With the exception of a five-year sabbatical in the American League, Ron Perranoski spans the generation gap of Dodger pitching in Los Angeles.
From the golden age of Sandy Koufax and Don Drysdale, when he was the best relief pitcher in baseball, into the '70s, when he was a minor league instructor, through the dawning of Fernandomania and beyond, which he has overseen as pitching coach, Perranoski has witnessed the greatest stockpiling of arms this side of the Cold War.
So, when Perranoski says that the Dodger staff of '85 with its Four Tops--Fernando Valenzuela, Orel Hershiser, Bob Welch and Jerry Reuss--and bullpen beboppers Tom Niedenfuer and Ken Howell can match credentials with any previous set of Dodger standard-bearers, one is inclined to listen.
"I'd definitely say yes," Perranoski said when asked whether the current staff could match arms with its forebears.
"And this is a young staff that's already been through it all. They've won pennants, they've gotten beat on the last day of the season, they know what it's about.
"And if they stay healthy, there's no telling what they can do."
Consider for a moment what this group already has accomplished. The Dodger pitchers lead the National League with an earned-run average of 2.88. The Dodgers are the only team in the major leagues under 3.00. Hershiser, Reuss, Valenzuela and Welch have a combined record of 50-21--25-2 in their last 33 starts--with an even shinier ERA of 2.44. With fifth starter Rick Honeycutt, the Dodgers recently went through a stretch of 52 straight innings without allowing an earned run.
Individually, the numbers are just as impressive:
--Valenzuela, after starting the season by pitching 42 innings without allowing an earned run, has won nine straight games and appears headed for the first 20-win season of his career.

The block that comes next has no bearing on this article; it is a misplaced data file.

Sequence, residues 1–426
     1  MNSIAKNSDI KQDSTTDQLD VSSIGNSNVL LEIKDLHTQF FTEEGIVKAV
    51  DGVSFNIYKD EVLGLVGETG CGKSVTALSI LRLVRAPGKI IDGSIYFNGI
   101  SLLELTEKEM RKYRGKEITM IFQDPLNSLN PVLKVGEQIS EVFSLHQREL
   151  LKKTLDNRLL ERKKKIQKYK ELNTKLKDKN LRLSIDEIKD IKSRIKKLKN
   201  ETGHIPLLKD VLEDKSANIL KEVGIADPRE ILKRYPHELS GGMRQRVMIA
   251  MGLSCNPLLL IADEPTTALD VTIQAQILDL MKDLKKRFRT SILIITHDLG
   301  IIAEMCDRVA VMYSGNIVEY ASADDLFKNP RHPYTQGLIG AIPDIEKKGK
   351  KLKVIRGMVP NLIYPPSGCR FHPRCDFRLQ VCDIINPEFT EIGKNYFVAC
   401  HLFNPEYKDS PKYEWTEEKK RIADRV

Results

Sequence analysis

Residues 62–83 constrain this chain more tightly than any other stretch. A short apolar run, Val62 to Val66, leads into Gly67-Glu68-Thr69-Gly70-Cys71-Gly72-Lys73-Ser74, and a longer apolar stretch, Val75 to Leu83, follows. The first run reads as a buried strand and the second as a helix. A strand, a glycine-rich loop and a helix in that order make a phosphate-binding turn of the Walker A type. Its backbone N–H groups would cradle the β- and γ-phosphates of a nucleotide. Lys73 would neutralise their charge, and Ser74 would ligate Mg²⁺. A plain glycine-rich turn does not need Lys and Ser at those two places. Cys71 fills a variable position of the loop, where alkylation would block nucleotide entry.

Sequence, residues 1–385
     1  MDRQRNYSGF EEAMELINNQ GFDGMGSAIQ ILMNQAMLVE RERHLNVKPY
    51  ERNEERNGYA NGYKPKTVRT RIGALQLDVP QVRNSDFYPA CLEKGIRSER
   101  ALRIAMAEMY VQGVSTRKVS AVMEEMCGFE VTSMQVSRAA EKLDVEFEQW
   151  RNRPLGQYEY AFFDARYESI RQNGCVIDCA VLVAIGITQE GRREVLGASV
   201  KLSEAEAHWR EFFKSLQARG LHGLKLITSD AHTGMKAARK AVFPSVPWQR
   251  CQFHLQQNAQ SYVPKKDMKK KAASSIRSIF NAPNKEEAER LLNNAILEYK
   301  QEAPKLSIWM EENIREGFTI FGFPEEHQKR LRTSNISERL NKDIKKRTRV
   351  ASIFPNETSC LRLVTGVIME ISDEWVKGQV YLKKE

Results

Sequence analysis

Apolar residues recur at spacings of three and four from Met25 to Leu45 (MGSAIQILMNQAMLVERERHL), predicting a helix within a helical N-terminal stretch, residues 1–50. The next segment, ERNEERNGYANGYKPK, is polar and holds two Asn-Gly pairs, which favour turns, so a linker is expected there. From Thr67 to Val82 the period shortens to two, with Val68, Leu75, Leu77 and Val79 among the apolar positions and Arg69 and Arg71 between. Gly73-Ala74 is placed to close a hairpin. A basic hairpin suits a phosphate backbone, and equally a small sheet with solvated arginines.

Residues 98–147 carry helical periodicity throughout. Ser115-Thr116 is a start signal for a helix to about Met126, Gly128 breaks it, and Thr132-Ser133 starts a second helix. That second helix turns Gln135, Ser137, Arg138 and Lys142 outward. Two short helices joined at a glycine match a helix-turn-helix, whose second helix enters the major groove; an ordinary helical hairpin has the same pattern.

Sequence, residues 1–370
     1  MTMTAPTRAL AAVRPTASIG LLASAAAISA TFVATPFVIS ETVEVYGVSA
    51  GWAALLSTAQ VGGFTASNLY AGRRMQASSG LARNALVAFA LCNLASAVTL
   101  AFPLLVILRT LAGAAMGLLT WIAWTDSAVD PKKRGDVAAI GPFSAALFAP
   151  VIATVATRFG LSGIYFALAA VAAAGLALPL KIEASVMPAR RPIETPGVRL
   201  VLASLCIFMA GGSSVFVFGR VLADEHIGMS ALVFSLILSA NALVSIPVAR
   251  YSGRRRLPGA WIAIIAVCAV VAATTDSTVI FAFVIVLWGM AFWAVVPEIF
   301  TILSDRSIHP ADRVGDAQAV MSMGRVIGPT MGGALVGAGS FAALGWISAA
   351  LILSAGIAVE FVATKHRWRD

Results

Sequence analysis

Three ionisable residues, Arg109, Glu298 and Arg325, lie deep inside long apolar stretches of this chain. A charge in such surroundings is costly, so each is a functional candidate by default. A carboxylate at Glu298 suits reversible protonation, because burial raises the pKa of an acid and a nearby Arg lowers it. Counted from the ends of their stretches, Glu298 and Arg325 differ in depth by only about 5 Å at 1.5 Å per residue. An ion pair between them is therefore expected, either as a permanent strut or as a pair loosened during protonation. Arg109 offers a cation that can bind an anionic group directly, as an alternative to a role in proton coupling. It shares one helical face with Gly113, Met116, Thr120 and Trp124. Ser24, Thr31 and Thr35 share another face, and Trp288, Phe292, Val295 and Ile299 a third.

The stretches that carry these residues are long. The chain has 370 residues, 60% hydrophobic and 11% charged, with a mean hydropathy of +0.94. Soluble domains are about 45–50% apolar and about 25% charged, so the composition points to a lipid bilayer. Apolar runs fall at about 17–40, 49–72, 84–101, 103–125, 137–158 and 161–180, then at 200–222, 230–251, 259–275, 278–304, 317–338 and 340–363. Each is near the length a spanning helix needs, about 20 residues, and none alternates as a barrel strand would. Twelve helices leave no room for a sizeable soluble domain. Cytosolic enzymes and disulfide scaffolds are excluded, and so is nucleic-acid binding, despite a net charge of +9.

Valenzuela leads the league in complete games with 14, is second in shutouts with five, fifth in innings pitched, fourth in strikeouts, and tied for fourth with Hershiser in ERA. He is 24 years old.
--Hershiser has thrown two one-hitters this season and four shutouts. He has yet to lose this season in Dodger Stadium, where his record is 8-0 with a 1.17 ERA. He has thrown only five home run pitches in 174 innings, fewest home runs allowed by any Dodger starter, and has struck out more than twice as many batters as he has walked. He is 26.
--Welch, who pitched just five innings the first two months because of a bad elbow, has the lowest ERA among the starters (2.10). He has two shutouts and six complete games in 15 starts, and had an eight-game winning streak. He is 28.
--Reuss, coming off surgery on both heels and an uncertain elbow, has three shutouts and would have three more were it not for his nettlesome habit of allowing home runs one out away from ending the game. Going into this season, he had the best ERA, 2.87, of any pitcher in the majors over the last five seasons, and his current ERA is a shade lower than that after his last five starts, in which he has allowed a total of five runs. Reuss is 36.
--Niedenfuer and Howell give the Dodgers two 90-m.p.h. fastballers who average a strikeout an inning. Most teams rely on one stopper and one set-up man in the bullpen. Dodger Manager Tom Lasorda has the luxury of alternating stoppers, which is reflected in their save totals. Niedenfuer has 14, Howell 12. Both are relative youngsters. Niedenfuer is 26, Howell 24.
--A sad footnote to this collection of Hollywood success stories is that Alejandro Pena, who last season had the best ERA in the league, hasn't pitched at all in 1985 after undergoing shoulder surgery. The Dodgers, however, still are hopeful that Pena, even though it's unlikely he'll ever cut loose again with a 94-m.p.h. fastball, will return to the mound one day. Pena is 26.
Other coaches of great pitching staffs in the past--Johnny Sain, Ray Miller, Roger Craig, to name a few of recent vintage--have achieved guru status. How often has Perranoski been asked to take a bow for the performance of his charges? Well, in 1983, he was elected to the National Polish American Sports Hall of Fame.
"My whole career, I didn't have publicity," Perranoski said with no hint of regret. "When you pitch with Koufax and Drysdale, you go through that.
"I'm kind of quiet. I just do what I have to do."
He gets recognition, however, from his pitchers.
"He's not the type of guy who's going to get a lot of credit," said Niedenfuer, who describes his relationship with Perranoski as a father-son one and has often invited the coach to Sunday barbecues at his home.
"His pitching staff speaks for itself," Niedenfuer added.
Hershiser, who began working with Perranoski in the minor leagues in 1979, said: "My biggest compliment to Perry is that he doesn't overcoach.
"He sees when a guy is going well, and sees a guy when he's going bad, and he can tell the guy what's different, what he's doing wrong. He gets you back into your game real quick."